After a decade of delays, last year things finally started looking up for the $30 billion Gateway Program, a long-needed overhaul of the Amtrak infrastructure between New York and New Jersey. Amtrak Joe’s administration approved billions in funding for a new tunnel under the Hudson and just three weeks ago bumped the project’s priority status to medium-high. It might happen! Except that Amtrak doesn’t actually have a plan to execute the expansive projects, which include new tunnels and bridges as well as upgrades and repairs that have been needed since Superstorm Sandy.
That’s the appalling takeaway from a new report that Amtrak’s inspector general put out last week: The railway has the bones of a “management framework” for Gateway, but no master schedule, no method for updating it when it’s written, no organizational structure that clearly breaks down teams’ roles and responsibilities. Understaffing, according to the report, is in large part to blame. For example, when a lead engineer left last April, Amtrak ultimately had to hire not just one replacement but five to cover his workload.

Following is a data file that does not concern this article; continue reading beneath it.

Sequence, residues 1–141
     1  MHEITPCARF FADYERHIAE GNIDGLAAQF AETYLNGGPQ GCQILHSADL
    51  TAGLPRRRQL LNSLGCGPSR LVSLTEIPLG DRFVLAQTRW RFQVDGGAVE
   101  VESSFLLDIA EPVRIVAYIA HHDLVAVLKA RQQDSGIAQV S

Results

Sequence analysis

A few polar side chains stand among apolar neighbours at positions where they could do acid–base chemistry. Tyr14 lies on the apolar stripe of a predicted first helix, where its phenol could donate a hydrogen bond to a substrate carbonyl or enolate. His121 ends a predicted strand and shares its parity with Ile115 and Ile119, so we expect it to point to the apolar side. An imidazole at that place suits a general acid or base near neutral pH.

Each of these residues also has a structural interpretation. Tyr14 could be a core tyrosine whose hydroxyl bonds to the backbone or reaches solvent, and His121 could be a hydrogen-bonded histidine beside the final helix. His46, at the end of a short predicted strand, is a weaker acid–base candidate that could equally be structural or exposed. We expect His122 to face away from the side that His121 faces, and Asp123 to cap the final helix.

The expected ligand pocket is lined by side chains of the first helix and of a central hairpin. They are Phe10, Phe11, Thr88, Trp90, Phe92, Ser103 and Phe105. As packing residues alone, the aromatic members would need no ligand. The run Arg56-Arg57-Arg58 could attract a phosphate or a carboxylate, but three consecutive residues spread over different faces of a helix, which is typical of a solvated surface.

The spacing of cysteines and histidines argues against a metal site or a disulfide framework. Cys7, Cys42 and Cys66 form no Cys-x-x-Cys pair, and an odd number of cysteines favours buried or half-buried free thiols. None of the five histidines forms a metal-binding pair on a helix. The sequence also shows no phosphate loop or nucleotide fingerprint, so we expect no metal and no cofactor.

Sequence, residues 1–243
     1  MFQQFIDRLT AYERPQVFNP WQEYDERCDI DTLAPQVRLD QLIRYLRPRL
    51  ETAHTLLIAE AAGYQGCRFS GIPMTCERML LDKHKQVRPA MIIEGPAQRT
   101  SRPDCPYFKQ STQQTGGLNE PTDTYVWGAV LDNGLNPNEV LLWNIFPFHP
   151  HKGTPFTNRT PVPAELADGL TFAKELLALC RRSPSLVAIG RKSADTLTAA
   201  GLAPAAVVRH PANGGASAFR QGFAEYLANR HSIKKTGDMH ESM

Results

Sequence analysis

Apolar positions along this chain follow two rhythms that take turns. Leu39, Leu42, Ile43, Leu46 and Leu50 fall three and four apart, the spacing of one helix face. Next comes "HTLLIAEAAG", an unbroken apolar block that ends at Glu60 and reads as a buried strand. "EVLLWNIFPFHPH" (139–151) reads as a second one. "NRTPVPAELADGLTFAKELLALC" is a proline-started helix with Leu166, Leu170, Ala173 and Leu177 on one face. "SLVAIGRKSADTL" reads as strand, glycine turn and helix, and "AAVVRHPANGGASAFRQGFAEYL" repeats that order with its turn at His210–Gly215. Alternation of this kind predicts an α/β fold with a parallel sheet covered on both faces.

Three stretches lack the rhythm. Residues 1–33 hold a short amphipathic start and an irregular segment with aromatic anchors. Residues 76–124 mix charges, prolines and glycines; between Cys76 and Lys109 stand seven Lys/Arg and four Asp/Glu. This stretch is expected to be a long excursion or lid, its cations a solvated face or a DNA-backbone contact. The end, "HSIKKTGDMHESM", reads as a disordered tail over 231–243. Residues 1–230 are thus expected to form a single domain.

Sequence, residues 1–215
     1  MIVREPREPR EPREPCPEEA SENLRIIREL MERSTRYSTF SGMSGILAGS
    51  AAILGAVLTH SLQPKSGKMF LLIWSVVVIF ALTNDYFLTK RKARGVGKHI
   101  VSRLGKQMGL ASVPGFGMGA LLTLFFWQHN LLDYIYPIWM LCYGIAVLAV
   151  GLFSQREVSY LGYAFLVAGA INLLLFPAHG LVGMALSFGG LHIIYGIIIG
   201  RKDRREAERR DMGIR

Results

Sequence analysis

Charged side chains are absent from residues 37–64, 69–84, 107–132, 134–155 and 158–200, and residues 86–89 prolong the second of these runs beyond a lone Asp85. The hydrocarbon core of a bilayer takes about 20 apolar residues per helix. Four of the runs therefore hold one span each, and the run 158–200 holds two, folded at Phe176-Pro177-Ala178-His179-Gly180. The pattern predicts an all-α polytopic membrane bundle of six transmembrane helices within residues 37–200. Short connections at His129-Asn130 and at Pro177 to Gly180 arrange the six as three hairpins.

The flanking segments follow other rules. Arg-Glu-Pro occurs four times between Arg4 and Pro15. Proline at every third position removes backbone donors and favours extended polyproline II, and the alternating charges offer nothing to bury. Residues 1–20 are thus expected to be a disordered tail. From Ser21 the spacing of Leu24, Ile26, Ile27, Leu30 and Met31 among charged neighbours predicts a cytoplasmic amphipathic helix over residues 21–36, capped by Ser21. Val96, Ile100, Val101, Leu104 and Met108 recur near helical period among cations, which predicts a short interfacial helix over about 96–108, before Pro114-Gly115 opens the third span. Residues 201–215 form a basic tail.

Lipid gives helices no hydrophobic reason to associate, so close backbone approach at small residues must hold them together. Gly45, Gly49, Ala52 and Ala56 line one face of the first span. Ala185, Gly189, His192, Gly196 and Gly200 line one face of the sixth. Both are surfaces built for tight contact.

Under the best of circumstances, all construction is supposed to be done by 2035; now we’re potentially looking at an even longer timetable. Since being confronted with the findings, Amtrak has committed to fleshing out its management plan with the missing specifics by June 30. The railroad is also working on a hiring plan and ways to better communicate across teams. Meanwhile, your train to Maplewood isn’t getting any faster.